A Case Study for Service-Learning: What Students Learn When Given the Opportunity

By Robinson, J. Shane; Torres, Robert M. | NACTA Journal, December 2007 | Go to article overview
Save to active project

A Case Study for Service-Learning: What Students Learn When Given the Opportunity


Robinson, J. Shane, Torres, Robert M., NACTA Journal


Abstract

Today's communities and organizations benefit from service-learning. Service-learning uniquely blends disciplinary knowledge with civic knowledge while making communities a better place to live. Students enrolled in a leadership course in a department of agriculture were given an out-of-class assignment consisting of a service-learning project. The goal of the service-learning project was to provide students with real experiences in leadership in which they were faced with identifying a community-oriented project, executing a plan, and completing the project. The assignment called for students to gain experience with course content (team leadership) by participating in a service-learning team project. Upon completing the service-learning project, students revealed five leadership themes, classified as the five Cs, must exist for team leadership to be effective. The five Cs were: 1) communication, 2) commitment, 3) consideration, 4) courage, and 5) competence.

Introduction and Theoretical Framework

A purpose of higher education is to prepare students to enter the workplace upon graduation (Cole and Thompson, 2002; Evers et al., 1998; Martin et al., 2000; McLaughlin, 1995; Peddle, 2000). However, several authorities (Askov and Gordon, 1999; Atkins, 1999; Evers et al. 1998; Kivinen and Silvennoinen, 2002; Morley, 2001) noted that today's students are not being prepared with the appropriate skills needed to face the challenges that linger outside the confined, structured environment of a college classroom. In fact, Evers et al. (1998) stated that "the skills most in demand are least in supply" (p. 16).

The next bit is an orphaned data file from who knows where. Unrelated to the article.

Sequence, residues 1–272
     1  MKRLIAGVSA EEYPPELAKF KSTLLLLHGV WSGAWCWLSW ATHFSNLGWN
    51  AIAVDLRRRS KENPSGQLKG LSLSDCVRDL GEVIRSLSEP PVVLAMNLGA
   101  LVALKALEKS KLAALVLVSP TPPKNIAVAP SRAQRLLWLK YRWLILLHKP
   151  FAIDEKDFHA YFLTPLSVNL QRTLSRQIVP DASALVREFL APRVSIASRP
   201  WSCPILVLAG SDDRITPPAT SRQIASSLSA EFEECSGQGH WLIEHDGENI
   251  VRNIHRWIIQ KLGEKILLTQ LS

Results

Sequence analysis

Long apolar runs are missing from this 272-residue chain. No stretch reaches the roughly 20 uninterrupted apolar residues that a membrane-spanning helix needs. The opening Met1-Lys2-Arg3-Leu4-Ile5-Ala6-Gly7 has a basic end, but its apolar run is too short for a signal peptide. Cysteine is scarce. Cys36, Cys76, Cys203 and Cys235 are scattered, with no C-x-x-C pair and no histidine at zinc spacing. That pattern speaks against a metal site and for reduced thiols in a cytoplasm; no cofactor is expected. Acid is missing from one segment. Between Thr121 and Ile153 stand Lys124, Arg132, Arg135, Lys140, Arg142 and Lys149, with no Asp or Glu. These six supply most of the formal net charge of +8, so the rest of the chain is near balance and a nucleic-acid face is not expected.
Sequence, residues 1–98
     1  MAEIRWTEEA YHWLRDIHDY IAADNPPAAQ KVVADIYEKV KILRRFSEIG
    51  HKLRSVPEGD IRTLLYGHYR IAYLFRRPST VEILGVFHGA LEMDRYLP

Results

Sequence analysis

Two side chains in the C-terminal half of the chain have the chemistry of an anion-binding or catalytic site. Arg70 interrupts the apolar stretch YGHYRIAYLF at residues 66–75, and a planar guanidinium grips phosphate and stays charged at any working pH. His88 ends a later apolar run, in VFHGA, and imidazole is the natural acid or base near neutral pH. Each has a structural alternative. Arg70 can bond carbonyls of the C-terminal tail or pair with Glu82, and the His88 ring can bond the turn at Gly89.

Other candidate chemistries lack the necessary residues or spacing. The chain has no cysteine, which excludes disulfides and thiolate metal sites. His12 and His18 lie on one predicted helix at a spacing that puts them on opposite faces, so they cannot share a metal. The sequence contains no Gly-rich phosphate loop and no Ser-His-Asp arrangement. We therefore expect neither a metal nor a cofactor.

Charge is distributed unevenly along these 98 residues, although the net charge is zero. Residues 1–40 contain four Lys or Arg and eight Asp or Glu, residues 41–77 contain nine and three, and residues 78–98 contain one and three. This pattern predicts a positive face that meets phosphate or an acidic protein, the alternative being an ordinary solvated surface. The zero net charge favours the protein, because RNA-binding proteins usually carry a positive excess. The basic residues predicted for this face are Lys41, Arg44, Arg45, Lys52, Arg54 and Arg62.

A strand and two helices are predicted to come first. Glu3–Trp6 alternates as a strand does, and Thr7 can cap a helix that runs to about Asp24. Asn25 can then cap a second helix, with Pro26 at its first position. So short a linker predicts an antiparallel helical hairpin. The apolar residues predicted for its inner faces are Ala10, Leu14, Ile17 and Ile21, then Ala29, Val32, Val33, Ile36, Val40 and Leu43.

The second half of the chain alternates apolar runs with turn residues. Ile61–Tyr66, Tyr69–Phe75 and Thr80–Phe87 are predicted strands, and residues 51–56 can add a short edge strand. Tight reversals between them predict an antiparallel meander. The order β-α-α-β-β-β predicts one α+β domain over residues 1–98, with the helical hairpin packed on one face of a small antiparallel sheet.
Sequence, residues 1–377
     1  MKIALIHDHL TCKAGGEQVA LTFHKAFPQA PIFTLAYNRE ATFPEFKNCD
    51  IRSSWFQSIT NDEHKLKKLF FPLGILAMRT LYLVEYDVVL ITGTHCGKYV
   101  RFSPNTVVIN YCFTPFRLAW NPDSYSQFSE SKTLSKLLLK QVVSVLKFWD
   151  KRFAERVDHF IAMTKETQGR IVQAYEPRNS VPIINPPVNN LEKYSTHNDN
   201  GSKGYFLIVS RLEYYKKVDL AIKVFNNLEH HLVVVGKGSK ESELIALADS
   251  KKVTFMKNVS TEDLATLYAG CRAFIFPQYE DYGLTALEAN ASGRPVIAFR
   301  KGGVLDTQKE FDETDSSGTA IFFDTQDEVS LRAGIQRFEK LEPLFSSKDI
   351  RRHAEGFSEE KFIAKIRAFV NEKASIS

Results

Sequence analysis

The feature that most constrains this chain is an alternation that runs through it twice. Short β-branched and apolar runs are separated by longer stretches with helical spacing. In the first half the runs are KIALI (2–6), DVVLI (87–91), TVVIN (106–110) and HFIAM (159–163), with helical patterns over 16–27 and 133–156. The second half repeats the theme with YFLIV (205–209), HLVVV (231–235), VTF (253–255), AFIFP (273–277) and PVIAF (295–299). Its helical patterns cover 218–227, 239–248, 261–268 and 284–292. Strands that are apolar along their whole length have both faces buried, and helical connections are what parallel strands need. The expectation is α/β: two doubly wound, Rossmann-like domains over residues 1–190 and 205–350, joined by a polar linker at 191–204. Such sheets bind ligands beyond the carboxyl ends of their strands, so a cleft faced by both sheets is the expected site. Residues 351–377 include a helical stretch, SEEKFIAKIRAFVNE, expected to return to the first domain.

Peddle (2000) stated that college graduates need to possess more transferable skills and as such are not ready to enter the workplace. According to Schmidt (1999), graduates entering the workplace must be able to "solve complex multidisciplinary problems, work successfully in teams, exhibit effective oral and written communication skills, and practice good interpersonal skills" (p. 31). However, a review of the literature revealed that such transferable skills are lacking in today's college graduates (Candy and Crebert, 1991; Coplin, 2003; Dunne and Rawlins, 2000; Radhakrishna and Bruening, 1994; Robinson and Garton, 2006).

In an attempt to address the growing need for transferable skills, Sapp (2000) stated that institutions of higher education have begun shifting emphasis away from simply providing instruction to a teaching philosophy of producing authentic learning. One method for including authentic learning is through service-learning. Service-learning is a form of experiential learning, created through a spirit of civic responsibility, (Binard and Leavitt, 2000) and exists as a means to bring ownership to the learning process and enable students to experience the transferable skills most in need in the workplace.

Experiential Learning